Unfortunately, the court decisions in these cases related only to the individuals concerned, and the government continues to deny transfer to many Canadians incarcerated abroad.
The court was equally critical of the government's reasoning in not seeking clemency for some Canadians sentenced to death in foreign countries. Here, it stated that it could not find any basis in reality for why or how the new policy came into existence but that “it was made in breach of fairness, is unlawful and is set aside.”
Reading the Federal Court's decision, it is apparent that members of the government did not like Mr. Smith and acted callously. However, a judicial scolding for this government is not something that gets in the way of bad policy. Now, the government has enshrined its discriminatory clemency policy in new clothing in the hope that this sleight of hand will deceive.
All of these court cases have surrounded the government's quite contrary approach to assistance for Brenda Martin. In that case, it was all hands on deck – and for a while, there was practically need for a traffic cop to direct Canadian ministerial visits to her prison in Mexico.
There was absolutely nothing wrong with the effort the government expended on behalf of Ms. Martin (except perhaps for the chartered aircraft to return her to Canada). But in a world where there is ample opportunity for comparisons, it is not surprising that some Canadians see discrimination when such assistance is not offered to an Abousfian Abdelrazik. There, it took a court decision – one that the government fought tenaciously.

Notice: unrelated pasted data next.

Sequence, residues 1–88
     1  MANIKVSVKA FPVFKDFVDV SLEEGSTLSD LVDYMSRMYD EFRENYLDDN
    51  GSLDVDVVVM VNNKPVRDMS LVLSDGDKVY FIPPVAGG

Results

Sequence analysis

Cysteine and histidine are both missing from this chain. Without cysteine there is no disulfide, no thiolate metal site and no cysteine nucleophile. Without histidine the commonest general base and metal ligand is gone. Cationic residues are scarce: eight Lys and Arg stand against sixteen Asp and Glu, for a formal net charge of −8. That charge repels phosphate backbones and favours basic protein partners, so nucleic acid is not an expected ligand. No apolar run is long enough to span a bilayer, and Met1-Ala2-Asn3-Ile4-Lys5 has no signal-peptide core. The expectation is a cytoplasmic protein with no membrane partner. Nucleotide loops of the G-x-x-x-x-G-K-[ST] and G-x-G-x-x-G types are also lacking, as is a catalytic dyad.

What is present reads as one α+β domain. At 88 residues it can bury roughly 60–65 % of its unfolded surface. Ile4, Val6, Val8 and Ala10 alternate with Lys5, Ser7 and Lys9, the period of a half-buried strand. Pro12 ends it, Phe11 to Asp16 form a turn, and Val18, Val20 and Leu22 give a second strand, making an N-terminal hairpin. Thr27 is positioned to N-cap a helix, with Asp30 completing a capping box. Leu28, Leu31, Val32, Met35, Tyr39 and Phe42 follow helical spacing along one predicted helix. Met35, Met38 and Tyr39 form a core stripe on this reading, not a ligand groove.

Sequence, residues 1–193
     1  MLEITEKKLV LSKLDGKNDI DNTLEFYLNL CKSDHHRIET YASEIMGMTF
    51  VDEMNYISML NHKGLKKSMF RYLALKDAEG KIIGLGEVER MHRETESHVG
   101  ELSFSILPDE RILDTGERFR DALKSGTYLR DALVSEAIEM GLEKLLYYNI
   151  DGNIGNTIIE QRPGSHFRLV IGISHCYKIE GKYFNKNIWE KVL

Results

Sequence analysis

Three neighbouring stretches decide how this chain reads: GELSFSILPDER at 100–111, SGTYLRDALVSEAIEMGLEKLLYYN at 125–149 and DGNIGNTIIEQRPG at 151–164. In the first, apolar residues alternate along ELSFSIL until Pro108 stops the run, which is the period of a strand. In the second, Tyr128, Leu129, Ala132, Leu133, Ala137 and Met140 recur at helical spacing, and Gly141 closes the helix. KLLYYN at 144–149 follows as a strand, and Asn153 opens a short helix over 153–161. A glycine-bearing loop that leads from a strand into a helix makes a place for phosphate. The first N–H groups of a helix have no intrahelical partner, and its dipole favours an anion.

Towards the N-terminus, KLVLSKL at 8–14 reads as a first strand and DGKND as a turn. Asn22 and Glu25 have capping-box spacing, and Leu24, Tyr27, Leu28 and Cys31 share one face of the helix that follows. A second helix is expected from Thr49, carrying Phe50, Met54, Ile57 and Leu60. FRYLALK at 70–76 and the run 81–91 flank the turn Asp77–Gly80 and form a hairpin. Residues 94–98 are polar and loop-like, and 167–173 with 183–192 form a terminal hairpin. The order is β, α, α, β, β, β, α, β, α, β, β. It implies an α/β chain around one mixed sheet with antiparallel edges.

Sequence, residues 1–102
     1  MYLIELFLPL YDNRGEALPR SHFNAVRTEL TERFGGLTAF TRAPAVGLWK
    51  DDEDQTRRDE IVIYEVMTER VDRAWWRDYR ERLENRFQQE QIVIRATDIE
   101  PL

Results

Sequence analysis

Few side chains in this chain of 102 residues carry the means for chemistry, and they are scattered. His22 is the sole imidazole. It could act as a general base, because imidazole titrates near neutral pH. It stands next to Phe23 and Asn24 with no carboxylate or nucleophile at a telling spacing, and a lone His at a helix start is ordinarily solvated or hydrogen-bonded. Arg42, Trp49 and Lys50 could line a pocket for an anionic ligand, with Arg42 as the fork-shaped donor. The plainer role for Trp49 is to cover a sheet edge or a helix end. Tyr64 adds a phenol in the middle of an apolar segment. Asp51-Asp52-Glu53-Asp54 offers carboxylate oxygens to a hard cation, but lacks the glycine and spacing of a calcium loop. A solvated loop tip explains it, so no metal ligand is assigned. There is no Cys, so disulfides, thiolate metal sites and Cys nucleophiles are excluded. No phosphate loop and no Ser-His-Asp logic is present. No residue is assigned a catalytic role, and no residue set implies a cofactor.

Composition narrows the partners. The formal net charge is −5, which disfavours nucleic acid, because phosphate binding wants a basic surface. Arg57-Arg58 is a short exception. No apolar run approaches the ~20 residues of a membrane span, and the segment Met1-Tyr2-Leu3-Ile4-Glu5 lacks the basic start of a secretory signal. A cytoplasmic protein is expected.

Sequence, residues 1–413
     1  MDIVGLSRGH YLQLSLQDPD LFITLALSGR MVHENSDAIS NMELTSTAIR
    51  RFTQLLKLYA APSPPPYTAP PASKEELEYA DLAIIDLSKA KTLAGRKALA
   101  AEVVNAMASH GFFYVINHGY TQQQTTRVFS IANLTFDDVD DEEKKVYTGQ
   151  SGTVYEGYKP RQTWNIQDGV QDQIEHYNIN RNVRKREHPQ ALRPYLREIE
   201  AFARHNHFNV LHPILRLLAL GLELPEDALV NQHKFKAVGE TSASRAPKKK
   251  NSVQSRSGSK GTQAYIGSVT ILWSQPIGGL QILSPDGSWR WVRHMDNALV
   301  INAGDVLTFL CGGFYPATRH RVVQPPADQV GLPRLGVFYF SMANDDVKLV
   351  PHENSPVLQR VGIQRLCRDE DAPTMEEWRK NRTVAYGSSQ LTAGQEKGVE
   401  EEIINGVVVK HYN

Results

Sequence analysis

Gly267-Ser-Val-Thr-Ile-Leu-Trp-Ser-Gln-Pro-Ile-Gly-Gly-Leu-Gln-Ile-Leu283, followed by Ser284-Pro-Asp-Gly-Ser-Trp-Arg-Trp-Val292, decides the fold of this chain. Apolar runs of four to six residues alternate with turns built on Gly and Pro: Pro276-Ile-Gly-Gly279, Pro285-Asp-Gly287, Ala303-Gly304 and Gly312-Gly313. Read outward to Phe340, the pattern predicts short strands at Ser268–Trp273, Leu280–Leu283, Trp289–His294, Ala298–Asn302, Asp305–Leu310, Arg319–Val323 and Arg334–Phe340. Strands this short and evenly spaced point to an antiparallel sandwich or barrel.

Today, the case is that of Suaad Hagi Mohamud. Here, the insensitivity of the government in such matters has been unmercifully demonstrated.
The actions of the Canadian High Commission have not been explained. It is unlikely that a First Secretary made the decision to cancel Ms. Mohamud's passport without the concurrence of the Passport Office in Ottawa, which has final authority under law in all such matters. That there is now a review being conducted by the Ministry of Public Safety suggests it was equally involved. Until this and other reports are available, responsibility cannot be assigned exclusively to the High Commission in Nairobi.
Moreover, overlooked in much of the reporting has been that the government resisted DNA testing for Ms. Mohamud for weeks. It was only when her lawyer filed a motion before the Federal Court that the government agreed to the testing on July 22 – two months after she had been detained in Kenya.
Commenting on Ms. Mohamud's case, the Prime Minister recently – and correctly – observed the potential difficulty in dealing with such matters when foreign governments are not co-operative. But he missed the point, since so many of the recent cases have nothing to do with the actions of foreign governments.
Rather, it is the action and policy of the Canadian government that has created the problems. Canadians should be rightly concerned with these developments. If not, the ghosts of Arar, El Maati, Almalki and Nureddin will haunt us for years to come.
Gar Pardy was the head of Canadian consular services for 11 years. He retired from the foreign service in 2003